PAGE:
The Marine Corps' New V-22 Osprey: Here to Dominate the Indo-Pacific

Marine Corps V-22 Osprey
Marine Corps V-22 Osprey

The Marines of the United States are getting ready for a big fight in the Indo-Pacific. Because of worries about China's plans to grow and Beijing's words about Taiwan, the Marine Corps is going through some of the biggest changes in its history. As part of his Force Design 2030 plan to better prepare the Corps for the maritime environment of the Indo-Pacific, the Marine Corps Commandant has given this order. Instead of being a second land army ready for long campaigns in the Middle East, the Marine Corps is going back to its roots in the sea.

But because the Indo-Pacific is the world's largest maritime theater, transporting Marines and supplies from Hawaii to Guam and elsewhere in the region is difficult. The Marine Corps, on the other hand, is sure that the MV-22 Osprey can travel the region's long distances. Marine Medium Tiltrotor Squadron 268 flew from Australia to Hawaii, which is more than 6,100 miles away, after an operational deployment in Australia, according to a statement from the Marine Corps. Capt. John Wilkinson, a pilot with VMM-268, has said, "The MV-22s are capable and versatile aircraft for operations in the Pacific."

The flight over the Pacific Ocean shows how the MAG-24 can help the mobility and maneuverability of ground forces in the huge Indo-Pacific theater of operations. According to a Marine Corps statement, "MV-22s, coupled with KC-130s, provide unparalleled mobility at the tactical level." These planes allow Marine Air Group 24 to transport troops and supplies anywhere in the Pacific. Col. Manlee Herrington says, "These capabilities let us try out and put into practice operational ideas that are important for building the Fleet Marine Force of the future."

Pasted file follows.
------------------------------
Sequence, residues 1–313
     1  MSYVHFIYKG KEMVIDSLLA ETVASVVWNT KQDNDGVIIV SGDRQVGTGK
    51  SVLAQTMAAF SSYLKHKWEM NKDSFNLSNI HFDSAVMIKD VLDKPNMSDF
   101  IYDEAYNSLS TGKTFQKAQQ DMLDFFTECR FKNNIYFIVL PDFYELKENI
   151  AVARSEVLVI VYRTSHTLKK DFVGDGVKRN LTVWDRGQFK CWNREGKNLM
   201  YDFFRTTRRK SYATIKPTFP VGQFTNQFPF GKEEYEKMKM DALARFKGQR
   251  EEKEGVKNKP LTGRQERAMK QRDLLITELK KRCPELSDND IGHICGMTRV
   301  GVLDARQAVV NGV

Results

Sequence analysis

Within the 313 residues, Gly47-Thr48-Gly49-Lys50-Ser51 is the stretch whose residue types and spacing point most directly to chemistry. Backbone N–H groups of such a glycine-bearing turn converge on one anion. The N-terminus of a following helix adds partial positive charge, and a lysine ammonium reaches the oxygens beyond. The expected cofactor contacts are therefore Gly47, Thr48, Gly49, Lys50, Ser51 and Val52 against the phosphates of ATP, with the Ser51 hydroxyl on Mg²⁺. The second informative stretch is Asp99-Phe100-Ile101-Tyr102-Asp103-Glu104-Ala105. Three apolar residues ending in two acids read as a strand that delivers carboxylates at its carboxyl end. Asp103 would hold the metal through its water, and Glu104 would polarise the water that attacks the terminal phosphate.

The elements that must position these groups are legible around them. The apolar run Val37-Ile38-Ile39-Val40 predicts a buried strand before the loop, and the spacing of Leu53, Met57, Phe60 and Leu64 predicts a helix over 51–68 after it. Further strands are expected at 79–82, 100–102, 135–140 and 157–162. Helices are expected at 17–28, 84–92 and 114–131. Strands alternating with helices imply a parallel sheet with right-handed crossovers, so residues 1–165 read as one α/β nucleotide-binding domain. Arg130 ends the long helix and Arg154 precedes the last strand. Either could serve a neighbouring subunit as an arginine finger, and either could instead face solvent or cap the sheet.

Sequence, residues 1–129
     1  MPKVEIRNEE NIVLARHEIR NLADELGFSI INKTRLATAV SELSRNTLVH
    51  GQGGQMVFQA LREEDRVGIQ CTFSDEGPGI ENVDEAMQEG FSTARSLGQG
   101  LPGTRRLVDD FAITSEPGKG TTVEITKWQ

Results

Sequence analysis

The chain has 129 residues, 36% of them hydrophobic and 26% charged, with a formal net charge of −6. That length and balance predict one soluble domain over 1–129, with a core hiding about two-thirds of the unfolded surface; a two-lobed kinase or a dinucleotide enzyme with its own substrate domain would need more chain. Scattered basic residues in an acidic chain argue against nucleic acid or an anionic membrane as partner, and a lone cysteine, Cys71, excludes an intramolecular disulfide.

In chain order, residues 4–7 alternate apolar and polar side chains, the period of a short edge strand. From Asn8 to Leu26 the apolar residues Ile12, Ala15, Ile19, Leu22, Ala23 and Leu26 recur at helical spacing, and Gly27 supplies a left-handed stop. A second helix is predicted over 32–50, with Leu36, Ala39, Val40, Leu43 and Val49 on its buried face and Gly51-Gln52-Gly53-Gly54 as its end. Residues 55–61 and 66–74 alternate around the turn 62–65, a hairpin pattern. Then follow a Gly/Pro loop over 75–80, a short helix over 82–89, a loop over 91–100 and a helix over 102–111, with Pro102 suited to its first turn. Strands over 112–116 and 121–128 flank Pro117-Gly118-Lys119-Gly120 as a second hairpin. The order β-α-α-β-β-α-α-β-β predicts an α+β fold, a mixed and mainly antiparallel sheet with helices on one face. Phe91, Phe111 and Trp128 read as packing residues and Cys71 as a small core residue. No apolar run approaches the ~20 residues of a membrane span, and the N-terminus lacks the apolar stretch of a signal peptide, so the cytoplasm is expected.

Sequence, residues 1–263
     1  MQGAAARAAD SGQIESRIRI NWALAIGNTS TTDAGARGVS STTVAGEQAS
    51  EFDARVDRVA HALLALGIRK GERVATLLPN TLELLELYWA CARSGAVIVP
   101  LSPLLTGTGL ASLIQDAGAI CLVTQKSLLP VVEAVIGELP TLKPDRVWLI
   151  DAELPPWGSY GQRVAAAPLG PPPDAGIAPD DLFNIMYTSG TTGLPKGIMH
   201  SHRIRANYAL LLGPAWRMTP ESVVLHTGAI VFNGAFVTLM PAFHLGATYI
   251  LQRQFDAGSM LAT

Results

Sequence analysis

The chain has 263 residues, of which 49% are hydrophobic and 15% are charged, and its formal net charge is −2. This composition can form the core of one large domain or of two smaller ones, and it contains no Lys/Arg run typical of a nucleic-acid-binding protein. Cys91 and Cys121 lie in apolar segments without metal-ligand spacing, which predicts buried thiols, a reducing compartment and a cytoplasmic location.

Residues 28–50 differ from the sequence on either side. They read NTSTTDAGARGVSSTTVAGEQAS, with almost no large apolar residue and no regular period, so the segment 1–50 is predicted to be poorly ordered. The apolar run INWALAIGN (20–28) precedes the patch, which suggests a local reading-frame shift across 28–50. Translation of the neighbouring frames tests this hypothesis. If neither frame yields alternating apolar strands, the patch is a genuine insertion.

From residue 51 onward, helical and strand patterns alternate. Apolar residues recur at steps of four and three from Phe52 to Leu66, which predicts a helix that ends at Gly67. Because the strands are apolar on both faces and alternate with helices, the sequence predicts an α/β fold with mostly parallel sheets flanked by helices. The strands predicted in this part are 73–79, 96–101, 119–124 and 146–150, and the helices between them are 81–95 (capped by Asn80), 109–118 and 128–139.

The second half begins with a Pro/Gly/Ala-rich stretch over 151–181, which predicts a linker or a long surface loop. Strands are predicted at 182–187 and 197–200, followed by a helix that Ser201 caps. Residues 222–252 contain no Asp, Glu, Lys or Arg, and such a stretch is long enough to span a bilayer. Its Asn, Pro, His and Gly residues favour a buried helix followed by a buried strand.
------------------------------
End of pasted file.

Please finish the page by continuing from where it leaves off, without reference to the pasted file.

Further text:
The Marine Corps placed a premium on this flight. Australia, Fiji, American Samoa, and the Republic of Kiribati, all stops on the transpacific flight, "are historically significant in the South Pacific and steeped in Marine Corps lore," the statement said. During World War II, the United States and its allies used the islands as bases of operations. Their contribution to the war effort helped make the area stable and prosperous, which has been the case for the past 80 years.

Maintaining a free and open Indo-Pacific requires a continuous presence of marine aviation and strengthened relationships with our allies and partners in the region. Supporting operations across the Indo-Pacific with our allies and partners, the 1st Marine Aircraft Wing and Marine Aircraft Group 24 (MAG-24) remain pillars of national and regional security.

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